Working with academic articles and writing an assignment for college requires a vest insight not only into the standard language, use of terminology or a specific reference type, i.e., Chicago, MLA or APA style but also to be well aware of common abbreviations and shortenings. Abbreviations are common to encounter while reading scientific articles, working with highly specialized sources or simply doing research for your thesis or course paper.

Quite a few students find it difficult to decipher an acronym in research paper or abbreviation in research paper since sometimes those phrases and characters are easy to confuse with typos or specialized terminology. For this, we’ve compiled a list of questions and answers on abbreviation in a research paper that a student might wonder about.

What Is an Abbreviation?

An abbreviation is a concise form of a word, phrase or, even, a sentence that has been reduced to possible its minimum by using single letters of words or their parts as a comprehensible code. There are a few types of acronyms each of which has a specific implication.

  • Initialisms are acronyms created by putting together the first letters of words and making them capital and pronouncing each letter separately. E.g., NYPD – New York Police Department, UN – United Nations, UFO – unidentified flying object, etc.
  • Acronyms are shortenings, which are also created by compiling the first letters of words and making them capital but unlike initialisms, they are pronounced as a word. E.g., PIN – personal identification number, VAT – value-added text, NASA – National Aeronautical and Space Administration, etc.
  • Shortenings are a kind of abbreviations whose initial form has been cut in two parts where the second part is discarded, and such are regarded as Standard English words. E.g., the app – application, flu – influenza, ad – advertisement, etc. On the other hand, there are shortenings, which preserve only their first part as well but are not regarded as real words and, when reading aloud, are pronounced as their initial form. E.g., Mon. – Monday, Oct. – October, e.g., for example, etc.
  • Contractions are specific words, which due to their frequent use and popularity have gained another more concise written form by combining, normally, the first and last letters, which is read aloud as their initial word. E.g., St –saint, Mrs – missis, Ph.D. – Doctor of Philosophy, etc.

Apart from the differences in word-building and use, there are a few main categories, which neatly divide abbreviations into the following groups.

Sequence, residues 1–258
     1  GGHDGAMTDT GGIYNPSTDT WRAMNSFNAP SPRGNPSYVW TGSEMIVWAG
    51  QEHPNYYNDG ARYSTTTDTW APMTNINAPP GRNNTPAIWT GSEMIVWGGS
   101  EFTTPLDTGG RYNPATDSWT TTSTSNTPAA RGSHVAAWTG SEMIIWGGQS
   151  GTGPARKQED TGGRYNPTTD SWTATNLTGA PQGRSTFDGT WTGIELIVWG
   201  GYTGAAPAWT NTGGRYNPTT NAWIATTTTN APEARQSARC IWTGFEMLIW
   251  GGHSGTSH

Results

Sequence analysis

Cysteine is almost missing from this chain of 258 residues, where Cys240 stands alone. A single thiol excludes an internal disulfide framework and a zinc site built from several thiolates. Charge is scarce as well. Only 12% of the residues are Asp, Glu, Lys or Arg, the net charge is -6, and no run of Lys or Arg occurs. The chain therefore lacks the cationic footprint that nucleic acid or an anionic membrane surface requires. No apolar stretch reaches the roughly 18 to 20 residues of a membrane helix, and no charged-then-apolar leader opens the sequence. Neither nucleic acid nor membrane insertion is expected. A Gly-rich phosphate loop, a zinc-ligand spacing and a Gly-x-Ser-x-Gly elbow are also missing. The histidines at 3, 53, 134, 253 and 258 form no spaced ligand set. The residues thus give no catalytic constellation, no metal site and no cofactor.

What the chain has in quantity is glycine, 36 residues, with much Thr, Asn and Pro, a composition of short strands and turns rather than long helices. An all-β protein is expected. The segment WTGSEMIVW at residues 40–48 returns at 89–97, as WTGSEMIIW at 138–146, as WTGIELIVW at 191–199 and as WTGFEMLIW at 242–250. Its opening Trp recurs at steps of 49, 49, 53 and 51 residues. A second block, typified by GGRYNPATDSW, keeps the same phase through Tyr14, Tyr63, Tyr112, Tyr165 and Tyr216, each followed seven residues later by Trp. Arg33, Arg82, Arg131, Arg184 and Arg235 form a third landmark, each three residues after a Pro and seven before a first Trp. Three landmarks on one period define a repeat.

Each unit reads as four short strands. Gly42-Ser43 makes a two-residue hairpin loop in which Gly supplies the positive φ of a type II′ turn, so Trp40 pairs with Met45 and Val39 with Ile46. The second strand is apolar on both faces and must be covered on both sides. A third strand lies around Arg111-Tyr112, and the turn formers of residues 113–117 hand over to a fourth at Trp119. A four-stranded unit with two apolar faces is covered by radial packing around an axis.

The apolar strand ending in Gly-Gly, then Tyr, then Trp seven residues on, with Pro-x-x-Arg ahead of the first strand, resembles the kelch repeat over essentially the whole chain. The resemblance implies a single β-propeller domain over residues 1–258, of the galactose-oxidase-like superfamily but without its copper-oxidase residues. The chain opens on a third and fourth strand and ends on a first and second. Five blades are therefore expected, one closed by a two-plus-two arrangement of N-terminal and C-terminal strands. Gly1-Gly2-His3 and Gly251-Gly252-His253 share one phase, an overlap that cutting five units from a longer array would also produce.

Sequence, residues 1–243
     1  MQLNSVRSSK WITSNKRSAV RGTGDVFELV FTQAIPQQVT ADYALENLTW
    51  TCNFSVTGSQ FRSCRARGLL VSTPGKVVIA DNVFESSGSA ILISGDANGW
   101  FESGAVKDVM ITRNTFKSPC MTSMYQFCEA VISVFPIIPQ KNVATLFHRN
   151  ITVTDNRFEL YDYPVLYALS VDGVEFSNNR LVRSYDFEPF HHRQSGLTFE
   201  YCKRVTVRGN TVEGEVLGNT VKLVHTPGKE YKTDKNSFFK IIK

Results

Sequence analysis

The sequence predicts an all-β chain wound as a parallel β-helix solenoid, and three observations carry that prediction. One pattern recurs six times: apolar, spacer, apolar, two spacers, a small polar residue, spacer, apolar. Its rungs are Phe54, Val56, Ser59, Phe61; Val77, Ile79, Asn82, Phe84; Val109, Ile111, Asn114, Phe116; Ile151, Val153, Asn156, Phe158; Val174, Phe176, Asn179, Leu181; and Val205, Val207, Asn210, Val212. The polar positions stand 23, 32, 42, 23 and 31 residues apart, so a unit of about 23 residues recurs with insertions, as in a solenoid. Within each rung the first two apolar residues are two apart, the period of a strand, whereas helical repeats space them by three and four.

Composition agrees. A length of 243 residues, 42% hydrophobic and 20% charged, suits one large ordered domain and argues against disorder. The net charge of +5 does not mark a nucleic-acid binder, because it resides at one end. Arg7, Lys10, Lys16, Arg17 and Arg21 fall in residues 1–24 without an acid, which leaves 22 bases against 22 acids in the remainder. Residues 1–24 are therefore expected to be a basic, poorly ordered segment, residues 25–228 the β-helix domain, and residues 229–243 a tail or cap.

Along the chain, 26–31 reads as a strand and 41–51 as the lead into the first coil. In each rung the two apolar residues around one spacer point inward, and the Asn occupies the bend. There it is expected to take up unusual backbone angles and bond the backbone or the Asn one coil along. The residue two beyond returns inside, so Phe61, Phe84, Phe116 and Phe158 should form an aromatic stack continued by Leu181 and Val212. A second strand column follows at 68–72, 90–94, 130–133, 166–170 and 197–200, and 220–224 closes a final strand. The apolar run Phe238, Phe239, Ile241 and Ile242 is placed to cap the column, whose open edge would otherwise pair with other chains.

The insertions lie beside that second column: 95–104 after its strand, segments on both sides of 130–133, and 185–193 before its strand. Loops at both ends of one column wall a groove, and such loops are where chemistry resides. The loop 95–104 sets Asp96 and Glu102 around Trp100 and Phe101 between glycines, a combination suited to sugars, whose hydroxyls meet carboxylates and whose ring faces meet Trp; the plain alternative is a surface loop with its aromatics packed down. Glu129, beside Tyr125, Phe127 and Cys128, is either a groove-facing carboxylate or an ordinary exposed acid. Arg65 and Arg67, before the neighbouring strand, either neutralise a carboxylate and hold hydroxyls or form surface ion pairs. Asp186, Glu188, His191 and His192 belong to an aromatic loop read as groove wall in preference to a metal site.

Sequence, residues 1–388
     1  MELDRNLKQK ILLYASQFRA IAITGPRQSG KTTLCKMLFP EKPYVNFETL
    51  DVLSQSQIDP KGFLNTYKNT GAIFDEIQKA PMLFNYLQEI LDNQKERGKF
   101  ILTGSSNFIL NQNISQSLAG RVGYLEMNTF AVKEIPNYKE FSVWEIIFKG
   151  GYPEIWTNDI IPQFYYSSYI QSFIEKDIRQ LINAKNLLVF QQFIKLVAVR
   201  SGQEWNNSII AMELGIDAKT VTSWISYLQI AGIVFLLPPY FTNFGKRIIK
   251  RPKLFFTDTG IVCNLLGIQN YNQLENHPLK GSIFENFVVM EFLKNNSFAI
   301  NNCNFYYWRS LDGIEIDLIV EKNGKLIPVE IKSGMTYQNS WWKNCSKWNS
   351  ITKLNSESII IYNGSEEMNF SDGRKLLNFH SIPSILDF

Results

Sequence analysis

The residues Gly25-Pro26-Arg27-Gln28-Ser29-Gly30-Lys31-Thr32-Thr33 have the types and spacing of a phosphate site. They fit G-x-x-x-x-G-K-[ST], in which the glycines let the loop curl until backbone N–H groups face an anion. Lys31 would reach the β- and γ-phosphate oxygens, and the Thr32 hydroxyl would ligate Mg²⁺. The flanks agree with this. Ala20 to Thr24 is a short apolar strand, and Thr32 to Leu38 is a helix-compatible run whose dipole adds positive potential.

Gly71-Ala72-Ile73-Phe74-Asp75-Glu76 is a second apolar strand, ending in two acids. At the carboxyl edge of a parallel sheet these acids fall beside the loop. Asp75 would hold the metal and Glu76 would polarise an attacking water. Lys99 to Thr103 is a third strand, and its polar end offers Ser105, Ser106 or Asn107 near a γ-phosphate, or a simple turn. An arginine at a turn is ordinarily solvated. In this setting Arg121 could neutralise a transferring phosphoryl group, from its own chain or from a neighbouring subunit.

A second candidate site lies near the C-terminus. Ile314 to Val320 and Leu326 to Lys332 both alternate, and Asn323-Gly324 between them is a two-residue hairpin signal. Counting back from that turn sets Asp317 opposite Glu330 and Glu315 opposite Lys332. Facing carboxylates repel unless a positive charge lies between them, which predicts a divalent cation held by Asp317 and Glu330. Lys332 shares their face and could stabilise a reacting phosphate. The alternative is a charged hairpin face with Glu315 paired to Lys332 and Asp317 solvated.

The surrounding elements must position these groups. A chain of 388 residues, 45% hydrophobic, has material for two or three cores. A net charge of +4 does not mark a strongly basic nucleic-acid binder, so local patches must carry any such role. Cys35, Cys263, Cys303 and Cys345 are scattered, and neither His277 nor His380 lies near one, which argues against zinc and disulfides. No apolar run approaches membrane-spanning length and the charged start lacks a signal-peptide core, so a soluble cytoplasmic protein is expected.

1. Personal, Professional and Title Abbreviations. This group consists of shortenings, which are used to describe a person’s social status. They include:
  • Social status, such as a degree (Ph. D, BSN, M.D., etc.), also Jr. (junior) and Sr. (senior);
  • Marital Status, such as Ms. (miss – unmarried woman), Mrs. (missis – married woman), Mr. (mister – married/unmarried man);
  • Personal Names, such as JFK (John F. Kennedy) and etc.
  1. Toponymical Abbreviations, which are names of locations and geographical place, such as countries (USA, UK, NZ, etc.), states (IL, OK, MS, etc.).
  2. Special Abbreviations, which include chemical elements (C, CO2, H2O, etc.) systems of measurement (oz.,cm, km and etc.) and other scientific terminology that may or may not be used in everyday speech.
  3. Objects and Notions Acronyms, which are things of everyday use (DVD, CDR, etc.) and common knowledge notions like IQ, OCD, PTSD, etc.
  4. Language Abbreviations, which are divided into two main groups:
  • Standard English, which is usually Latin phrases like etc., i.e., e.g., and so on.
  • Colloquial English, which are correct and incorrect words and expressions (including slang) like ASAP, BTW and others.

What Are The Cases When an Abbreviation Is Used?

Abbreviations are created and frequently used as a means of simplifying and shortening texts instead of overwhelming them with full terminology. Also, another case of such units’ use is the desire of an author/speaker to facilitate the process of speaking/writing when such is addressed to people qualified in a certain profession.

In order to estimate when and if abbreviations can be used, one should ask themselves a few simple but informative questions:

  1. Is an audience aware of such abbreviations? (If an answer is affirmative then their use can be as wide as an author/speaker wants; Also, it’s possible to create personal and original abbreviations, which have to be explained priory and obvious to unfold on one’s own.)